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Property tax time for all!

IRS serious about donation rules

Community chest monopoly Many folks make the most of the season of giving to direct some of their gifts to the less fortunate. Such goodwill provides the donor a twofer: the joy of sharing and a potential tax deduction.

That's quite fine by Uncle Sam, as long as you follow his contribution rules. And he's not kidding about those guidelines. Ignore or violate them, and you'll lose your tax break.

This is the second tax year in which the IRS' requirement that donated clothing or household items  be in good or better shape. I know none of you use charitable drop-off boxes as de facto trash cans, but some folks do (or did) try to deduct way too much for the threadbare T-shirts they unloaded on Goodwill, the Salvation Army or even their church collection bin. That's part of the reason the new law was enacted.

A good rule of thumb is to use the thrift shop guide. Is your item something that a person would pay for if it were on a second-hand store's shelves? And what is the price tag normally associated with such an article?

Many gifts, many rules: Just as there are many ways to give, the IRS has many different rules.

Regardless of the amount, any cash donation, and under IRS definitions this includes gifts charged to your credit card, must be substantiated by a bank or card statement or a written acknowledgment from the charity. Those documents need to show the name of the charity, the date of the gift and the amount. Acceptable bank records include canceled checks or bank or credit union statements.

If your monetary gift is $250 or more, you must have an official written receipt or acknowledgment from the qualified organization.

When you donate items valued more than $500, you must complete Form 8283, Noncash Charitable Contributions.

Very expensive gifts, those worth more than $5,000, also require a qualified appraiser's valuation and you must complete another section on Form 8283. And no, the fee you pay the appraiser is not deductible.

Vehicle requirements have added rules: Car contributions have their own set of somewhat complicated rules before you can determine just how much you can deduct.

Much like the household goods, folks were dropping off complete junkers at nonprofit organizations and claiming thousands of dollars on their tax returns. Now, instead of just using the actual value of your old car as your deduction amount, in most instances you can only deduct the amount of money the charity gets for the car at auction. The group should send you notice of that amount when the vehicle is sold.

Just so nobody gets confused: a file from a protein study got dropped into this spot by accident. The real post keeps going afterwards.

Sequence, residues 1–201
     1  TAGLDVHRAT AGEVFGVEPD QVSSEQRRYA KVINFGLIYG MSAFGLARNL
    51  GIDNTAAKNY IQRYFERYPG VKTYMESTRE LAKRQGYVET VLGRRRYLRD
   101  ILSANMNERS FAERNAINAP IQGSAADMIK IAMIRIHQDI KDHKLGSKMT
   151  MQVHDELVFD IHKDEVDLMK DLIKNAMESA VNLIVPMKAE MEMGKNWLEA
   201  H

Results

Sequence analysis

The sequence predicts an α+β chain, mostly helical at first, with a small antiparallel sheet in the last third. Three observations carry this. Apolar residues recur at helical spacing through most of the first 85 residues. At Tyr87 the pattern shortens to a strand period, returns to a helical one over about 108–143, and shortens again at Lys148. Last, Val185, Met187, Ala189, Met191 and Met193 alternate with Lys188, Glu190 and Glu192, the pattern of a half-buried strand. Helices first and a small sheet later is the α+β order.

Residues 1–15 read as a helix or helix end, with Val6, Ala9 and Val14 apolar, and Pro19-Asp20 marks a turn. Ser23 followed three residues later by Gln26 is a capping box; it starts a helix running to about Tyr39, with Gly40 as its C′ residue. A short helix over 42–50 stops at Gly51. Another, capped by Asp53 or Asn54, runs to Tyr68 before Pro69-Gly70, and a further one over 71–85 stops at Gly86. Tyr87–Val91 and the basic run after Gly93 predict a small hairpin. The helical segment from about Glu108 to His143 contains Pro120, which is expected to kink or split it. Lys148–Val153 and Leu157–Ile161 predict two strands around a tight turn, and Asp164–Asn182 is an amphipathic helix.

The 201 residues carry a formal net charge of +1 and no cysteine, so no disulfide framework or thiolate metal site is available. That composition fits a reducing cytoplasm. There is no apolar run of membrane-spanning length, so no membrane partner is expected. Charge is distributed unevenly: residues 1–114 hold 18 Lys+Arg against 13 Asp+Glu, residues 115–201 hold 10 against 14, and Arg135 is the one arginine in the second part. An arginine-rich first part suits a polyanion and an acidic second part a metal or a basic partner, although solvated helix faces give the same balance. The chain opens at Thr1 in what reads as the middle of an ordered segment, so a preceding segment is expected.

If, however, the charity decides to use your donated vehicle for charitable purposes, it must tell you that. Then you can deduct the vehicle's fair-market value, easily obtained from sources such as Kelley Blue Book.

Yes, there are more hoops to jump through now when you want a tax break for a good deed. But it definitely could be worth it when you file your return.

But you don't really mind the extra work, do you? You are just giving because it's a good thing to do and the tax breaks is simply a nice added benefit.

Added break for Midwest disaster donations: This year, there are some new donation rules if you make cash contributions to qualified disaster relief efforts benefiting Midwest disaster victims.

The recently enacted Heartland Disaster Tax Relief Act suspends the percentage-of-income limits that normally apply to deductions.

In most cases, a taxpayer can only deduct gifts that come to up to 50 percent of his or her adjusted gross income (AGI). But under the new law, taxpayers can deduct some qualifying cash contributions up to 100 percent AGI.

More on this option can be found in this IRS announcement.


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 online auto donation

One provision offers older owners of individual retirement arrangements (IRAs) a different way to give to charity. There are also rules designed to provide both taxpayers and the government greater certainty in determining what may be deducted as a charitable contribution.


Patrick, thanks for catching that limit error regarding contributions of more than $500. My very bad! I've corrected it! Kay


I like this post.
I have a lot of clients who donate.


Noncash donations exceeding $500 require form 8283; if your deduction is exactly $500 the form is not required.

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